When it gets this hot, nothing may be better than a cool movie theater.
And with the Puchon International Fantastic Film Festival in full swing there's no need to settle for the ordinary.
Park Ji-won joins us to tell us more.
So this is one of Korea's largest film festivals along with others in Busan and Jeonju.
That's right and this marks the 18th annual edition of PiFan.
But PiFan sets itself aside from the pack by being Asia's largest genre film festival, one that specializes in more diverse films ranging from fantasy and sci-fi to horror films.
Pifan this year will feature 210 films from 47 countries.
Let's take a closer look.
"The list of fantastic film festivals begins in Europe. PiFan is similar in size to Spain's Sitges Film Festival, and we have an amicable relations with them. This year, we focused on discovering and introducing genre films from Latin America, China and Southeast Asia."
From horror movies and thrillers to crime dramas and high concept comedy, there is no shortage of choices for film lovers in Bucheon.
"I am a big movie fan, and this is my third time at PiFan. Although I'm not into thrillers, this film festival has its own unique attractions and colors which is why I'm back again this year."
"I'm a horror movie fan. I watch every horror film I can find, especially Korean and Asian, and it's a good place to watch films."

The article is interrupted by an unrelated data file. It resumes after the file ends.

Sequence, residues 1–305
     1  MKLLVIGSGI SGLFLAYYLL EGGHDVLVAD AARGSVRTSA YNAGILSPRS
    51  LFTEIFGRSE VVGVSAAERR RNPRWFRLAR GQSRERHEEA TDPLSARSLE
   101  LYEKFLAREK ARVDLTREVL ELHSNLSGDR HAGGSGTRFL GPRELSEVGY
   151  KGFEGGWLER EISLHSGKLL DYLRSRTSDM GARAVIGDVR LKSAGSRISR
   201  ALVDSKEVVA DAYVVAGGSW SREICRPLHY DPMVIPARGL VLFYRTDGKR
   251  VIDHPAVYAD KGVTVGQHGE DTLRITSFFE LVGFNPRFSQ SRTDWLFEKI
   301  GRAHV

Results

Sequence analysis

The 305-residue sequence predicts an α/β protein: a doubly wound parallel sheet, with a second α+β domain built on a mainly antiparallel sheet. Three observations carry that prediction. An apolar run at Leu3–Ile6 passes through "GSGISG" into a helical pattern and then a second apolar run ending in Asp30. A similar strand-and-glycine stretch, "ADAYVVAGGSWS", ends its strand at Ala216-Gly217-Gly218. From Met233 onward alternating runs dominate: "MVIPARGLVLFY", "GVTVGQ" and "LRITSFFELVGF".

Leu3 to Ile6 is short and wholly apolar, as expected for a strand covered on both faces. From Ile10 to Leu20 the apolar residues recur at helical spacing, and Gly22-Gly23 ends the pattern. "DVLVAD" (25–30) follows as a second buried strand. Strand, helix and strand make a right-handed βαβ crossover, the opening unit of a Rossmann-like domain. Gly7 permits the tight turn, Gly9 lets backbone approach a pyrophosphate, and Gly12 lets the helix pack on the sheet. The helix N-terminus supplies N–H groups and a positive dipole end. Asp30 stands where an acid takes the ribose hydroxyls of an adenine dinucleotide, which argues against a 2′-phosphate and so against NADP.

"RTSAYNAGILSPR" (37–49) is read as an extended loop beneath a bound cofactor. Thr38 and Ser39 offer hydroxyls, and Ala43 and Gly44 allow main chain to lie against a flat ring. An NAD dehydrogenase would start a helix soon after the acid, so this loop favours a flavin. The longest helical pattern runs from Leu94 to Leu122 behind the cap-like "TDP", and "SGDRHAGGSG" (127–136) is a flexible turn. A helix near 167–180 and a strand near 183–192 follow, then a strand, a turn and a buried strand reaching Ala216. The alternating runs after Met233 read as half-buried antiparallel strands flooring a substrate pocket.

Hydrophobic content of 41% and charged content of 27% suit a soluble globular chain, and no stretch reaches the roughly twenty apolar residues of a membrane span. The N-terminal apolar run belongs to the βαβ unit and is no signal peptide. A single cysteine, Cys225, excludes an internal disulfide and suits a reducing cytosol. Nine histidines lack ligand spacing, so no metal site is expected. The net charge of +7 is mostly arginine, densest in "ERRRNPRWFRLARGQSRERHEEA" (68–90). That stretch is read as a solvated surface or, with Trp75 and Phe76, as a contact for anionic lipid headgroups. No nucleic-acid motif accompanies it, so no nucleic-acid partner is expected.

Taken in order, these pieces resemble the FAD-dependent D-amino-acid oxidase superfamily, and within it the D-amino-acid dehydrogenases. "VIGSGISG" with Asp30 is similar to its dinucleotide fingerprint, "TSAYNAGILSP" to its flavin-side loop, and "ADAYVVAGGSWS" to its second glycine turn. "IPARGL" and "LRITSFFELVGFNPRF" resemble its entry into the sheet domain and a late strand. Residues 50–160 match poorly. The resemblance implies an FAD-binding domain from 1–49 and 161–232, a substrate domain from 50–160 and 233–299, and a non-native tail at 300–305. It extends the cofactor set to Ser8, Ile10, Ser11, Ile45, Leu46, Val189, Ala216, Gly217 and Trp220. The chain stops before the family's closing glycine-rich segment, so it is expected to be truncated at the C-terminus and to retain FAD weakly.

Film director Kim Seung-hyuk, whose thriller "Nothing Lost" made this year's World Fantastic Cinema section at PiFan, is thrilled just to be there.
"It's an honor that my film is being presented in PiFan's World Fanstastic Cinema section, which introduces the newest genre films. I used to be a big fan of genre films and never imagined my film would be shown here."
I know that the festival's focus is on fun and experimental cinema. Give us some recommendations.
Since the general theme of the festival is "love, fantasy and adventure," you don't have to settle for gory films.
There are a great variety ranging from romcom and animation to a variety of milder films.
In its main competition section, 12 films are up for the Puchon Choice award.
A melodramatic horror film from Argentina titled, "Darkness by Day."
It's a love storoy between two vampires.
And this is a Chinese film delving into the world of hypnosis called, "The Great Hypnotist."
It's about a man's mysterious and complex hypnotherapy case.
And the American film, "Time Lapse," is highly recommendable as well.
It's about a camera that takes pictures 24 hours into the future.
How about tickets? I've heard many are already sold out.
Yes, it may be difficult to get tickets online, but if you arrive at PiFan and go to the ticket booth, which opens at 9:30 a.m., about 10 to 20 percent of the tickets are left available for the day.
So if you can get there early enough, you can still get tickets for that day, even if they're sold out online.
The festival runs through this Sunday.
Thanks, Ji-won for the report.